Date Published: November 25, 2009
Publisher: Public Library of Science
Author(s): Klara Stefflova, Matthew C. Dulik, Athma A. Pai, Amy H. Walker, Charnita M. Zeigler-Johnson, Serigne M. Gueye, Theodore G. Schurr, Timothy R. Rebbeck, John Relethford. http://doi.org/10.1371/journal.pone.0007842
Abstract: Population history can be reflected in group genetic ancestry, where genomic variation captured by the mitochondrial DNA (mtDNA) and non-recombining portion of the Y chromosome (NRY) can separate female- and male-specific admixture processes. Genetic ancestry may influence genetic association studies due to differences in individual admixture within recently admixed populations like African Americans.
Partial Text: Populations of the present-day Americas were shaped by diverse incoming groups and their intermixing. Although the number of the Native Americans was greatly reduced due to conflict and disease they, together with the early arriving Europeans and surviving Africans brought to the Americas during the massive African Diaspora, all left their genetic imprint in multiple admixed populations. Later, several other immigrant groups from around the World (e.g. Asian populations) and increasingly common admixture among the existing groups further amplified the admixed character of this continent. This complicated ancestry and admixture is reflected in an individual’s genetic background. While recognizing that each individual is genetically unique, it is still common in epidemiology to categorize people into a few self-identified races (SIRE) that partly reflect the complicated history of each group, yet fail to predict the extent of the contribution from each parental population to different SIRE groups .
First, we deeply typed both mtDNA and NRY in Philadelphian African Americans and European Americans. We also typed the same markers in a group of Senegalese in order to gain insight into the detailed composition of one of the founding populations (e.g. the presence of “Eurasian” haplotypes) instead of relying on less well characterized published data. We then proceeded to phylogenetically analyze these haplotypes in parallel with admixture analysis using ADMIX, exploring the possible founding populations. Based on these analyses, we focused further on analysis using three founding populations (K = 3 was also corroborated by our STRUCTURE analysis using autosomal AIMs).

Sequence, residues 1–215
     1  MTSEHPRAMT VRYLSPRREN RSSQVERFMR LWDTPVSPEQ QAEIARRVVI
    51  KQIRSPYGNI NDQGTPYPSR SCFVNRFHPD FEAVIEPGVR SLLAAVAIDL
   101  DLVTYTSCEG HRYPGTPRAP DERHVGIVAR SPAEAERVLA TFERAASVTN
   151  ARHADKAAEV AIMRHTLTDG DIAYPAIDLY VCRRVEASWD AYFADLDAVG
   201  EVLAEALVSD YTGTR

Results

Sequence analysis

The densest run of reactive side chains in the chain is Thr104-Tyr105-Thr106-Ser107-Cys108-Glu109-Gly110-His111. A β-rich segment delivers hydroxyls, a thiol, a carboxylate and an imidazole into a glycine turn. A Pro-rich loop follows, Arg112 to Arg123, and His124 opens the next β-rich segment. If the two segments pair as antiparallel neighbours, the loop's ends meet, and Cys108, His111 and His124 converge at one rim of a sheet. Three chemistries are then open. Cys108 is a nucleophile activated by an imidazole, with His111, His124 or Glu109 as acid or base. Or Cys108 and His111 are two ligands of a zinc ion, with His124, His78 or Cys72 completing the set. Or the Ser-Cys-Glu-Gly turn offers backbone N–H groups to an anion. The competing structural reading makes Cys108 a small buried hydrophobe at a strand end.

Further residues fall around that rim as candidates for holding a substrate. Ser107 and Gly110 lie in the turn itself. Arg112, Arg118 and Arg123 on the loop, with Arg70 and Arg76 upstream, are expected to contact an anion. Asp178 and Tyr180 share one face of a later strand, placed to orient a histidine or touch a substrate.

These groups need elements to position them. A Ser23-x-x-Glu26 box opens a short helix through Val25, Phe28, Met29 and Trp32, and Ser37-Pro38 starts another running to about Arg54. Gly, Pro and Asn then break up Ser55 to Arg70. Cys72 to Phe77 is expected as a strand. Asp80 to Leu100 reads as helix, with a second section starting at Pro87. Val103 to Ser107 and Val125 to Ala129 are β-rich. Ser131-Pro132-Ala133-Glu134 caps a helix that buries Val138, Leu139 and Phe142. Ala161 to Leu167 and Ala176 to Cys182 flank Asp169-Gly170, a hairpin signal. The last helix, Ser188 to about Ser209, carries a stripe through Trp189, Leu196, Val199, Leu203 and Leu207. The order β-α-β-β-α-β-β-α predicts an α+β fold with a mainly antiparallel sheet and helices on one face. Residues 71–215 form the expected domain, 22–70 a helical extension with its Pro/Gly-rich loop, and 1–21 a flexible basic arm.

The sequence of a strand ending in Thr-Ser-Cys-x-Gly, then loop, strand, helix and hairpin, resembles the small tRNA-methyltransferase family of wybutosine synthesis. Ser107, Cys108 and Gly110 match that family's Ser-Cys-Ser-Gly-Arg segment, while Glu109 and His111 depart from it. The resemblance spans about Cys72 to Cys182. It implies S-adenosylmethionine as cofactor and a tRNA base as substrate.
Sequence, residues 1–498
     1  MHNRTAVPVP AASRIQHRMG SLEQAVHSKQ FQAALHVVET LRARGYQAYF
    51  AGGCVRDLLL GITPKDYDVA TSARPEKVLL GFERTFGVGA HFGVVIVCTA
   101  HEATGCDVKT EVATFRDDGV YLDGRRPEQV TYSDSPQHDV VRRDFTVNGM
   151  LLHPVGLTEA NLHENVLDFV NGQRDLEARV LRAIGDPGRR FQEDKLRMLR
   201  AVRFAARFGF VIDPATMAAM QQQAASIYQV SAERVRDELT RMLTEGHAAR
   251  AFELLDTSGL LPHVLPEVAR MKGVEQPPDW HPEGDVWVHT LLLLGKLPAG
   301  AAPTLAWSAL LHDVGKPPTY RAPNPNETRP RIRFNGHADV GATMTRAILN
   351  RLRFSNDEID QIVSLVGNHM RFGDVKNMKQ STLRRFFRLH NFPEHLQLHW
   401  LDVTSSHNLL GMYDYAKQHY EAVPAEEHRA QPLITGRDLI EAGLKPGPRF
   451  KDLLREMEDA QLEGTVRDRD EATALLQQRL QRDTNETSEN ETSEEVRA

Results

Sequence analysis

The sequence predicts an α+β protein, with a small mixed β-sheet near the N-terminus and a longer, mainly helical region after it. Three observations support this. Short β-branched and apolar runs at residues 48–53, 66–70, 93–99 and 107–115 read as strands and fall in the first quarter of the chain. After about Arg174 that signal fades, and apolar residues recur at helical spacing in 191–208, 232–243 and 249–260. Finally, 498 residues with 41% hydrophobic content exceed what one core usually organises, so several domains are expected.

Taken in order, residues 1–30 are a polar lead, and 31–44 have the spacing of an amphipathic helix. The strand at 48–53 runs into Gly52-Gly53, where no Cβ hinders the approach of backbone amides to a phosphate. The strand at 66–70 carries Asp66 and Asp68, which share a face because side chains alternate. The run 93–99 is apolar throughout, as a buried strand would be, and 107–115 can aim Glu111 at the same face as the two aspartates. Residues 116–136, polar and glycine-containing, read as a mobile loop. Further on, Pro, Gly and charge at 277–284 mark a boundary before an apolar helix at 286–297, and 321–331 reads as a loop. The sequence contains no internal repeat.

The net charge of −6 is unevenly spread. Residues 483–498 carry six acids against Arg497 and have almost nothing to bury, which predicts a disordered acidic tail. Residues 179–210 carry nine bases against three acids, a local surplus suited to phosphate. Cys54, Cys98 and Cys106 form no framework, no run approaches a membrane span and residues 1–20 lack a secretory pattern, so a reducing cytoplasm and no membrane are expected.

We have characterized the mitochondrial DNA (mtDNA) and non-recombining portion of Y-chromosome (NRY) variation in a sample from Senegal as well as two major groups of Philadelphians: self-identified European Americans and African Americans. These two groups comprise over 88% of the Philadelphian population (45% and 43.2%, respectively, according to the 2000 U.S. Census). We found mainly African haplogroups in the Senegalese sample, with the exception of 12.2% of Senegalese (3 Wolof, 2 Fulbe, and 1 Sahalle) carrying U6 and U5b1b mtDNA haplogroups that, although haplogroup U is of Eurasian origin, can be found throughout North Africa as a result of an ancient migration back to Africa. In Philadelphian African Americans, we observed a significant European admixture (mtDNA>9% and NRY>31%) as well as a small (<2%) contribution from Native Americans. To calculate the corresponding autosomal ancestry of self-identified African Americans, accounting for both maternal and paternal contributions, we used our data to compute mAUTO = ½ mmtDNA + ½ mNRY, which was estimated to be: 78.4% African, 20.1% European, and 1.5% Native American. These calculated estimates seem to accurately reflect the autosomal group admixture, based on typing a small subset of samples using autosomal AIMs (n = 31, 74.4% African, 23.7% European, and 1.9% SE Asian/Native American, Table S4). Also, these estimates parallel previous reports, although our estimates suggest a higher European contribution, especially compared to the 12.7–13.8% autosomal and 2.8–11% low resolution maternal European ancestry found in a sample from Philadelphia reported by Parra et al. . For example, European contribution to NRY, autosomes, and mtDNA was estimated to be 28.46%, 19.99%, and 8.51%, respectively, in African Americans from Pittsburg, Chicago, Baltimore and North Carolina , or autosomal ancestry of African Americans from NY state was estimated to be 83% African, 15% European and 2% Native American . Source: http://doi.org/10.1371/journal.pone.0007842